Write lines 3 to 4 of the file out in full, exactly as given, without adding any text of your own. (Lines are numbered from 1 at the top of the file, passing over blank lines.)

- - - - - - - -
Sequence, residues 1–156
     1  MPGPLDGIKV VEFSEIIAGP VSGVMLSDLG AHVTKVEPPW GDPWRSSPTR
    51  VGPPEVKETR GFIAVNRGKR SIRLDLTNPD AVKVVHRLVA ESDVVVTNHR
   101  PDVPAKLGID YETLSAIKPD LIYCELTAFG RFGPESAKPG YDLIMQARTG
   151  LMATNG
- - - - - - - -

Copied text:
    51  VGPPEVKETR GFIAVNRGKR SIRLDLTNPD AVKVVHRLVA ESDVVVTNHR
   101  PDVPAKLGID YETLSAIKPD LIYCELTAFG RFGPESAKPG YDLIMQARTG